Architect Hannes Meyer and Radical Modernism

A biography

by Georg Leidenberger (Author)
©2023 Monographs 284 Pages


How did architecture, design and art transform from an aesthetic enterprise to serving the needs of the masses? And how did a single individual–and an outstanding representative of "radical modernism"--pursue his personal convictions in an age marked by war and totalitarianism in the name of the collective? These questions frame this comprehensive life story of Hannes Meyer, who as an upstart architect in Basel, director of the Bauhaus in Germany, urban planner near the China-Russian border, and designer of social housing and hospitals in Mexico, fought to affirm the rights of all to a life of comfort and human dignity while seeking to maintain his own identity in the process.
"Georg Leidenberger, for the first time brings to life this steadfast, difficult and polemical architect, portraying him in the whole breadth of his existence."-- Prof. Magdalena Droste, author of Bauhaus 1919-1933. Reform and Avantgarde

Table Of Contents

  • Cover
  • Title
  • Copyright
  • About the author
  • About the book
  • This eBook can be cited
  • Table of Contents
  • Illustrations
  • Preface and Acknowledgements
  • Introduction
  • Chapter 1. “Childhood and Youth in Basel, 1898–1909”
  • Chapter 2. “Wanderjahre, 1909–1919”
  • Chapter 3. “From Freidorf (1921) to Freidorf (1925). A Housing Compound, Two Publications and a Modernist Awakening, 1919–1925”
  • Chapter 4. “A Radical Modernist Directing the Bauhaus, 1926–1930”
  • Chapter 5. “Eclipsed Honeymoon in the Soviet Union, 1930–1936”
  • “Interlude: Geneva, 1936–1939”
  • Chapter 6. “‘Everything Here is Vulkanisch’: Mexico, 1938–1949”
  • Chapter 7. “Rootless at Home. Lugano, Switzerland, 1949–1954”
  • Bibliographical Essay
  • Bibliography
  • Index of Names and Concepts
  • Index of Places


Fig.1. Civic Orphanage Basel

Fig. 2. HM (center) with sister Rita (left), Max (rear) and Peter (front), ca. 1899.

Fig. 3. HM with brothers Max (left) and Peter (center below), and unknown person.

Fig. 4. HM (far left) with school class, n/d.

Fig. 5a. HM, ca. 1912.

Fig. 5b. HM, ca. 1914.

Fig. 6. Housing in Freidorf.

Fig. 7. Co-op Hall.

Fig. 8. HM, Entry to “Am Hörnli” cemetery competition, 1923.

Fig. 9. HM, Theater Co-op, 1924.

Fig. 10. Page from ‘Junge Kunst in Belgien’ (1925).

Fig. 11. Laubenganghaus, Dessau-Törten, 1930.

Fig. 12a. Bernau Trade Union School, view from hallway.

Fig. 12b. Bernau Trade Union School, main building and walkway.

Fig. 13. HM during inauguration ceremony of Bernau Trade Union School, 1930.

Fig. 14. HM and Lena Bergner at beach of Sujumi, Georgia, 1931.

Fig. 15. HM (seated, left) with colleagues in Russia.

Fig. 16. People in Birobidjan, photographs by HM, 1933.

Fig. 17. Residents, photograph by HM.

Fig. 18. HM on balcony of Geneva apartment.

Fig. 19. HM, painting of Lena, Lilo and self.

Fig. 20. John Torcapel? with daughter Anne?.

Fig. 21. Children’s home Mümliswil.

Fig. 22. HM at pyramids of Teotihuacan, 1938.

Fig. 23. Study of popular housing in Mexico City, ca. 1941.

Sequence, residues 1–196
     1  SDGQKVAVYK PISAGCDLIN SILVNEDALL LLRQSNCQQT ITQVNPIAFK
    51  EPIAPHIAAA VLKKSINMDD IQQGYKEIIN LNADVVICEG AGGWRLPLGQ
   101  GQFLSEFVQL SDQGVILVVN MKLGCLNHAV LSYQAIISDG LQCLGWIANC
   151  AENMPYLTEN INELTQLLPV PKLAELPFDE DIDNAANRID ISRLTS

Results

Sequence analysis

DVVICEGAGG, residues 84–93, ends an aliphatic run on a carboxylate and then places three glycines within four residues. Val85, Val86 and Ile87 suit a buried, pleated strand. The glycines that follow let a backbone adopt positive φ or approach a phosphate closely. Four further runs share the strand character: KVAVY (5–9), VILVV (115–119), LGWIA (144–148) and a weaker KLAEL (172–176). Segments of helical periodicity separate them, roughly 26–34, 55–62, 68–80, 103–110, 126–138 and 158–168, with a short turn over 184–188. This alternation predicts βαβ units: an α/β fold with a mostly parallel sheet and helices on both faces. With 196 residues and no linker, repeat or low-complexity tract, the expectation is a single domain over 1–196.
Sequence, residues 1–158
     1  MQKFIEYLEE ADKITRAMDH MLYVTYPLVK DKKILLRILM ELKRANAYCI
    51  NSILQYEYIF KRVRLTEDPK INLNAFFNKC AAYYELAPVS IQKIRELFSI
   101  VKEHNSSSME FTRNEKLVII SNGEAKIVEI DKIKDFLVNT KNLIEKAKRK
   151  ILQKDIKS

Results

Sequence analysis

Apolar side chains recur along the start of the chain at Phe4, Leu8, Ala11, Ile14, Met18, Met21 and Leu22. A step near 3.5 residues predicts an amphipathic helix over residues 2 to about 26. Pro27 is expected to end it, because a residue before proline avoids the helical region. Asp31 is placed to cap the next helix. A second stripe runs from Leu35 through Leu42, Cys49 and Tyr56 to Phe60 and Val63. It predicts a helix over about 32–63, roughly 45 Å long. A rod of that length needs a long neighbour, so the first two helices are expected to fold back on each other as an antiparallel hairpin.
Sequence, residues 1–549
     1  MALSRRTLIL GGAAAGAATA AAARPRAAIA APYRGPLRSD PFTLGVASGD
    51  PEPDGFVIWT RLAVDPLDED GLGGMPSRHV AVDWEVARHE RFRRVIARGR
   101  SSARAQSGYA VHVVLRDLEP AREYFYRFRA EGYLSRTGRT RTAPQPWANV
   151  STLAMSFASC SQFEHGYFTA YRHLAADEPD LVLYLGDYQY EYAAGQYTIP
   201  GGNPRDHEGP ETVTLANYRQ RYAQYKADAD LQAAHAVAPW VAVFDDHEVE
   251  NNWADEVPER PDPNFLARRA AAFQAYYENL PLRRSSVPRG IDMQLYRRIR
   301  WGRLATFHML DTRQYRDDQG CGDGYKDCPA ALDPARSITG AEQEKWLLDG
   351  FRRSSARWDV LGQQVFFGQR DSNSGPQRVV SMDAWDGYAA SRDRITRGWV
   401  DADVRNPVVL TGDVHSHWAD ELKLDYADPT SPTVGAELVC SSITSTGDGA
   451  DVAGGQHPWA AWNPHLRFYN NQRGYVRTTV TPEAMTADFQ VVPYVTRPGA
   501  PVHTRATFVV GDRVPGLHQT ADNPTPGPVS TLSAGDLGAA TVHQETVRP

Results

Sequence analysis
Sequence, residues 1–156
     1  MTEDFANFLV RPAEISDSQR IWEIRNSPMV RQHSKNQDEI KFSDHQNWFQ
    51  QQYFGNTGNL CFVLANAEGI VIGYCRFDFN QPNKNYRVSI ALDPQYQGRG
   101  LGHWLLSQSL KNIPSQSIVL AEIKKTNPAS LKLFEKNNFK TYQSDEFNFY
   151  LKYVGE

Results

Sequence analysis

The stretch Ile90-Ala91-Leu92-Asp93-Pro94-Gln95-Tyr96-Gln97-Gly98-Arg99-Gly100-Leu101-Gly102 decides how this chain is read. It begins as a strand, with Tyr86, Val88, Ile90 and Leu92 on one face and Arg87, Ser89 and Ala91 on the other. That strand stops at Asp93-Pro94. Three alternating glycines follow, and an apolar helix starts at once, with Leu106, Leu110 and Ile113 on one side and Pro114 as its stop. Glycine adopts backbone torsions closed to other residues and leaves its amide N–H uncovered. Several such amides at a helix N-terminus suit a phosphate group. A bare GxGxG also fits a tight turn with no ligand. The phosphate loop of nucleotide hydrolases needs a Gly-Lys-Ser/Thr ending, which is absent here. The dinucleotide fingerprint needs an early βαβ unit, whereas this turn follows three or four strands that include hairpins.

Fig. 24. Drawing of Mario Pierre, ca. 1947.

Fig. 25. Leopoldo Méndez, head of the Taller de Gráfica Popular and friend of the family.

Fig. 26. HM (third from left) and President Manuel Ávila Camacho (center right) at inauguration of CAPFCE exhibit, 1945.

Fig. 27a. School children, photograph by HM or Meyer-Bergner, ca. 1945.

Fig. 27b. School children, photograph by HM or Meyer-Bergner, ca. 1945.

Fig. 28. Hannes and Lena with children, ca. 1950.

Fig. 29. Hannes and Lena, ca. 1950.

Fig. 30. HM with sister Rita, ca. 1950.

Fig. 31a. Postcard by HM to son Mario-Pierre, 27.09.52, front.

Fig. 31b. Postcard by HM to Mario-Pierre, back.

Fig. 32. HM behind window, ca. 1948.

Preface and Acknowledgements

My encounter with Hannes Meyer proved to be as surprising and as it was gradual. Shortly after settling in Mexico City, I began teaching courses on “culture and design” in which I included the topic of the Bauhaus, yet I did not come across him as one of the school’s teachers, leave alone as its director. When somebody told me that an important Bauhaus architect had lived in Mexico, I was curious. The next thing I knew, I discovered a booklet of Meyer’s writings translated into Spanish. Drawn in by the originality and powerful language of his modernist manifestos—I recall underlining pages while standing in line at a bank—I was ready to learn more. The next encounter was with Meyer’s architecture. During a downtown stroll in my home town Köln, I found two richly illustrated volumes on Meyer at a used book store specialized in art. My mother bought them for me immediately; an artist herself, she immediately found a liking to his work. And quickly did I, being astounded by school patios floating in the air, theater sets composed of cubic figures and glass-domed auditoriums. Finally, I learned of another facet of Meyer: his letters, which are housed at the Deutsches Architekturmuseum (German Museum of Architecture) in Frankfurt. As I scrutinized one densely filled double-sided page after another, with talk of some project in process conjoining with statements on art, news of the children, walks to the mountains, etc., each letter seemed to constitute a fascinating microcosm of this architect’s life.